Bank reform may have $220 billion global capital hit – analysts

February 17, 2010

LONDON, Feb 17 (Reuters) – Top global banks will need an extra $221 billion of capital and see annual profits slump by $110 billion if all proposed regulations to reform the industry are brought in, leading analysts said on Wednesday.

If all the initiatives from regulators are implemented it would cut the average return on equity to 5.4 percent from 13.3 percent next year, hurt economic growth and raise costs for bank services, JPMorgan analysts warned.

“The cumulative impact of all the proposed regulation suggests that there is a real risk that we may move from a system that was under regulated to one that is over regulated and that that could cause a significant increase in lending costs and a negative impact on the economy,” Nick O’Donohue, head of research at JPMorgan, said in a research note.

The capital needs of banks would be $221 billion higher in the extreme event that all the reforms were brought in.

British banks alone would need $91 billion, other European banks would need $86 billion and U.S. banks would need $44 billion, JPMorgan estimated.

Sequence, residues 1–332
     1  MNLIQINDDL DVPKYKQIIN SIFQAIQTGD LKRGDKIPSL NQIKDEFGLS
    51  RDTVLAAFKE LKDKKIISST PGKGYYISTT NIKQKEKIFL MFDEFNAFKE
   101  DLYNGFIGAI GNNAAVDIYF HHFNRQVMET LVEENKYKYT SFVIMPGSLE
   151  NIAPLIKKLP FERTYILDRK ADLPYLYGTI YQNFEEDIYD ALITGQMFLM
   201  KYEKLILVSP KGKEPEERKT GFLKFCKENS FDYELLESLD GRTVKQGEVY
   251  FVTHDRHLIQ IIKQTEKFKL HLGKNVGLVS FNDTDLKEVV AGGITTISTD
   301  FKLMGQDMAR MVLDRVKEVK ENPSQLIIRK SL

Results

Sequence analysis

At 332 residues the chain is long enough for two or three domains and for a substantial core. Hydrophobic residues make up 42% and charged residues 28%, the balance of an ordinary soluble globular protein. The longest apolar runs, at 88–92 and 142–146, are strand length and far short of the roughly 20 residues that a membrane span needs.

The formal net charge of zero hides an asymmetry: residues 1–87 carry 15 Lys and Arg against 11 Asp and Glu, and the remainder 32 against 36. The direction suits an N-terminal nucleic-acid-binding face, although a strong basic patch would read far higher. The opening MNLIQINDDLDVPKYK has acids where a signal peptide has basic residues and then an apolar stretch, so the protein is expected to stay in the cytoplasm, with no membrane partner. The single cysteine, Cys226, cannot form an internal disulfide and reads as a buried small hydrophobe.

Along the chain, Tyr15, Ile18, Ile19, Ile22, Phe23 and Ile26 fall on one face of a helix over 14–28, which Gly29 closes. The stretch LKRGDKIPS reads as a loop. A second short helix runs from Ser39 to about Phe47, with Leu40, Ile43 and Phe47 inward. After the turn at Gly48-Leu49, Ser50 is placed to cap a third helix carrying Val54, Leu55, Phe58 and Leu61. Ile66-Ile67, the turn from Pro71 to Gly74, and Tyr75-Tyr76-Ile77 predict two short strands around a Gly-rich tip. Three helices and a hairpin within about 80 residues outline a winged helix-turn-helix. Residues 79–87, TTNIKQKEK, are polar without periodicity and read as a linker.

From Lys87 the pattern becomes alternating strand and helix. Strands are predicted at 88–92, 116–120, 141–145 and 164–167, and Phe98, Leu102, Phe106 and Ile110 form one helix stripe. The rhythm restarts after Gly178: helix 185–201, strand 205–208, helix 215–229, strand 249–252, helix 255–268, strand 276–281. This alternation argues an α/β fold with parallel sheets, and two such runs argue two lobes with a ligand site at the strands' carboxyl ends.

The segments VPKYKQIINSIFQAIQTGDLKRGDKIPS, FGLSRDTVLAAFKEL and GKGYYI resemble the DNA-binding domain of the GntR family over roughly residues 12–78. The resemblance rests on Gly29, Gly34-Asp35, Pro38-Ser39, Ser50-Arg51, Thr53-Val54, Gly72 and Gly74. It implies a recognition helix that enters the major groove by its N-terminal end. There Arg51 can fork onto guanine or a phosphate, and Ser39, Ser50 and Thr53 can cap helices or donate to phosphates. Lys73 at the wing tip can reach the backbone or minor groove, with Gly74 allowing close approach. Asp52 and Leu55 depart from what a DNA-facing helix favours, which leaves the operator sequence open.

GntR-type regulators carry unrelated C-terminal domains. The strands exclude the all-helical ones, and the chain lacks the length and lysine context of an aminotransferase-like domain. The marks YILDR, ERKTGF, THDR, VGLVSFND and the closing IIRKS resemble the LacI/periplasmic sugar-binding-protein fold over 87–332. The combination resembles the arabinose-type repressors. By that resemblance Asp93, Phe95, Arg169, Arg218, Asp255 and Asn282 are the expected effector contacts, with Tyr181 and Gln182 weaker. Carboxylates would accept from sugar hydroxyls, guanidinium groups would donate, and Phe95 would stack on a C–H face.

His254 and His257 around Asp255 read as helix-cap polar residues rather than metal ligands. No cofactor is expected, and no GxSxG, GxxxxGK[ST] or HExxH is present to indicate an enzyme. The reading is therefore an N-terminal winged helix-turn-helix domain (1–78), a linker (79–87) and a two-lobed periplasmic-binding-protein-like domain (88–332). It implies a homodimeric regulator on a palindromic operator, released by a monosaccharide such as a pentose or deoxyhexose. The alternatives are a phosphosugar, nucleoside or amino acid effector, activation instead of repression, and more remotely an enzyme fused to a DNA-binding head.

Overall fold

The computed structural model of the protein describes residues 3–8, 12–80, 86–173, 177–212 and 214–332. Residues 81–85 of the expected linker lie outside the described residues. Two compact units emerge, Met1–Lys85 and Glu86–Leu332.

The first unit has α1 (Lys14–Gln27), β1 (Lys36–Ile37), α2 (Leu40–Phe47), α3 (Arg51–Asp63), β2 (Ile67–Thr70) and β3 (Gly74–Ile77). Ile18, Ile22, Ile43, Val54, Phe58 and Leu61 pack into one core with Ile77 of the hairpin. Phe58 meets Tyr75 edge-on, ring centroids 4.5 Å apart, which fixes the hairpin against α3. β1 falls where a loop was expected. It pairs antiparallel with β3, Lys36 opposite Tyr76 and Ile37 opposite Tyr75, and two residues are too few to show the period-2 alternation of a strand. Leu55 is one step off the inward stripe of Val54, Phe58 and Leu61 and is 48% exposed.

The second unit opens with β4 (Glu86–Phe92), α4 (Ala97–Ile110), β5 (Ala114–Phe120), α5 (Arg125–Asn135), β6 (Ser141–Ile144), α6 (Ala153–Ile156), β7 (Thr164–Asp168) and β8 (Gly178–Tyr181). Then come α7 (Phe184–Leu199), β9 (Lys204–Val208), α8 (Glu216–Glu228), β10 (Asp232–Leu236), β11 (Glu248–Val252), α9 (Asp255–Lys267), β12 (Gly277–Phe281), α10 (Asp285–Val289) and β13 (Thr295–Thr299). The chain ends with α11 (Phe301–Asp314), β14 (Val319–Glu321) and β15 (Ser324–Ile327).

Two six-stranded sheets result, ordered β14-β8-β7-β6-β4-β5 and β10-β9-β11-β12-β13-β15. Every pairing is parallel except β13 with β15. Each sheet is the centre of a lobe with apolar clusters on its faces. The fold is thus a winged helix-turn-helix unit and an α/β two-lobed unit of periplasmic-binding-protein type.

The most impacted banks could be Britain’s part-nationalised Royal Bank of Scotland and Lloyds, it said.

Pretax profits among the global banks would be cut by $110 billion. Net income in 2011 would more than halve to $74 billion, JPMorgan forecast.

G20 countries had been coordinating efforts to create a strong banking landscape, but the United States and other countries have also put forward separate proposals.

Among the plans are increasing capital and liquidity requirements; the possible separation of retail and investment banking activities; caps on size and potential levies on systemically important institutions.

Banks could end up passing the cost on to customers through higher prices.

“In order to return to similar levels of profitability as per current forecasts, we estimate that pricing on all products (retail banking, commercial banking and investment banking) would have to go up by 33 percent,” O’Donohoe said. (Reporting by Steve Slater; Editing by Rupert Winchester) ((; +44 207 542 4367; Reuters Messaging:

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